A “frozen shoulder” is an inflammation of the articular capsule of the shoulder joint (formal name – adhesive capsulitis). It occurs most often (but not exclusively) in women between 40 and 50 years of age. The causes of adhesive capsulitis are not fully known. We know that “frozen shoulder” is more common in people with diabetes, thyroid hormone abnormalities, as well as high cholesterol and heart disease. However, the disease can, in practice, affect almost anyone. Sometimes the initiating factor may be a minor trauma or overstrain. In other cases, the disease progresses spontaneously.
Symptoms of “frozen shoulder”
The “frozen shoulder” condition has three stages:
- “Freezing” – this stage lasts from 3 to 6 months and is characterized by severe pain. Over time, there is a limitation in the range of motion of the joint.
- “Freeze” – this stage lasts from 3 to 10 months and is characterized by a gradual reduction in pain, but by a persistent significant reduction in joint mobility.
- “Defrosting” – this stage lasts from 6 to 24 months. The range of motion of the joint gradually begins to return to normal.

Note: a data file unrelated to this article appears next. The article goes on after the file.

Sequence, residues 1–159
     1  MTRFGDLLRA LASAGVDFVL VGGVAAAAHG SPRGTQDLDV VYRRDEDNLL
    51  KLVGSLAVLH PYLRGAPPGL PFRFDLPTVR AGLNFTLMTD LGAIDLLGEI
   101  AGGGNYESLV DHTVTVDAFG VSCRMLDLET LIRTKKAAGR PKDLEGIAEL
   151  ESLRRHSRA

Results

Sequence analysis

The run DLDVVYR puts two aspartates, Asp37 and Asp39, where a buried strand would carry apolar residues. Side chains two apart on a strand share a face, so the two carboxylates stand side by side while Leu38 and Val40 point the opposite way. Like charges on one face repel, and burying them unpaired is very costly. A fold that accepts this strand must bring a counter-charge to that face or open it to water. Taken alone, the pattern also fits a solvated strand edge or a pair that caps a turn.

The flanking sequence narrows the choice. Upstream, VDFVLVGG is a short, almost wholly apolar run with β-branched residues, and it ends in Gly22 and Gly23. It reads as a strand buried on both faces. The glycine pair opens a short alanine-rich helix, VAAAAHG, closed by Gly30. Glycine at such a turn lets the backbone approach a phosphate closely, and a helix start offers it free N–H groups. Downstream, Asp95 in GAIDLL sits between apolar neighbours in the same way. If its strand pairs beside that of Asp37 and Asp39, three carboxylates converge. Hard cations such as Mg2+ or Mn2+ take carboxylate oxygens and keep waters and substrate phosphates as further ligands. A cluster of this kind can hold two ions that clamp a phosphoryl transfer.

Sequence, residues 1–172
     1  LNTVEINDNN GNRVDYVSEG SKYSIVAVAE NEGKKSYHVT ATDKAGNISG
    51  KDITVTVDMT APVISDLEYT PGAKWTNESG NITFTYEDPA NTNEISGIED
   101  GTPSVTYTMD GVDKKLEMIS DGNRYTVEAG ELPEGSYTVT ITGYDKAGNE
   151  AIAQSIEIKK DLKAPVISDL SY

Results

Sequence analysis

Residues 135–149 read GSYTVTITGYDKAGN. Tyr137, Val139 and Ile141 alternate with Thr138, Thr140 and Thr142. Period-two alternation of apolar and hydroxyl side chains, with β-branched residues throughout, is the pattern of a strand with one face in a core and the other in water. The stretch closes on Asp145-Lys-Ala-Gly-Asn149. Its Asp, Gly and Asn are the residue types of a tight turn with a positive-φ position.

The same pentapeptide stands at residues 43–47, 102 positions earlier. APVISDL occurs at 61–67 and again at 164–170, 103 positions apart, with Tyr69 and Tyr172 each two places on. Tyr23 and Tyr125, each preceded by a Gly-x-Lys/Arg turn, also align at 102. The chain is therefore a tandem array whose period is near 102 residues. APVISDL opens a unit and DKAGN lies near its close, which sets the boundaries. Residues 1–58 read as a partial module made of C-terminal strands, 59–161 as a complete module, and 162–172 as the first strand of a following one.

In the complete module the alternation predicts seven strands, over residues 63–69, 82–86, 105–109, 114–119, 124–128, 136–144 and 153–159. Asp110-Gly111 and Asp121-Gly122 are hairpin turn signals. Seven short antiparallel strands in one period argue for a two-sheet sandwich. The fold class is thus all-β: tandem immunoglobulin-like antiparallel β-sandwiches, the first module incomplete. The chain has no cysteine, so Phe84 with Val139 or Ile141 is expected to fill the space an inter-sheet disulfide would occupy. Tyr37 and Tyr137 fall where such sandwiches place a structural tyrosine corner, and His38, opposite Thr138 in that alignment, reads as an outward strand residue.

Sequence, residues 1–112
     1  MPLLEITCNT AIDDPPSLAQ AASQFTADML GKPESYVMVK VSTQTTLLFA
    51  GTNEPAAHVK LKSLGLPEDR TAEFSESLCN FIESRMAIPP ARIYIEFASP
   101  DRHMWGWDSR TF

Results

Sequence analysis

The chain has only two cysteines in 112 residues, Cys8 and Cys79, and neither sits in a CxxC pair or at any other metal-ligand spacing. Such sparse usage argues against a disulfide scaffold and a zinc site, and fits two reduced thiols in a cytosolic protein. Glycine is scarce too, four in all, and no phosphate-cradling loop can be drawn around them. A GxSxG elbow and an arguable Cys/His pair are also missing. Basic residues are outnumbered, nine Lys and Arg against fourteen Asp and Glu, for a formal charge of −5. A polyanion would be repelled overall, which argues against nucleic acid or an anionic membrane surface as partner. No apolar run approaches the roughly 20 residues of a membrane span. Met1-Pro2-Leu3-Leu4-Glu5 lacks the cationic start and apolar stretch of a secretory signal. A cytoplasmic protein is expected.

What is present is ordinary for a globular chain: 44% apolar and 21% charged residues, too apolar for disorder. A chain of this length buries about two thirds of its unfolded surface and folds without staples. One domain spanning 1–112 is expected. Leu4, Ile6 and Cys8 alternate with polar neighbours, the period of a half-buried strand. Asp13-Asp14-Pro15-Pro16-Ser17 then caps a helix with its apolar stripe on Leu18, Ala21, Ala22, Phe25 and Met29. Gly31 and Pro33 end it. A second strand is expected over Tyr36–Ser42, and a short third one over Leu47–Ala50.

The history of the appearance of symptoms, the patient’s age, limited range of motion in certain directions and joint crepitation during the clinical examination allow for a preliminary diagnosis. Osteoarthritis is easily confused with a “frozen shoulder”, hence it is necessary to perform an X-ray, where the degenerative changes are perfectly visible. In case of doubts or planning surgery, I additionally recommend magnetic resonance imaging or computed tomography.
In more than 80% of cases, the disease resolves spontaneously after 12-24 months and only requires supportive treatment, including:
- painkillers and anti-inflammatory drugs,
- rehabilitation – strengthening exercises and gentle stretching within pain limits,
- corticosteroid injections – reduce inflammation and can speed up the resolution of the disease.
If symptoms persist despite conservative treatment, arthroscopic capsular release surgery should be considered. It is a minimally invasive treatment (2-3 skin incisions) performed under general anesthesia. The procedure can significantly reduce pain and improve range of motion in most patients. It is associated with a small risk, including recurrence of a medical condition or infection. The operation takes approximately 45 minutes. Returning to everyday life activities, e.g. driving a car, depends on the degree of pain and may last from 1 to 8 weeks. The full recovery period takes 4 to 12 months.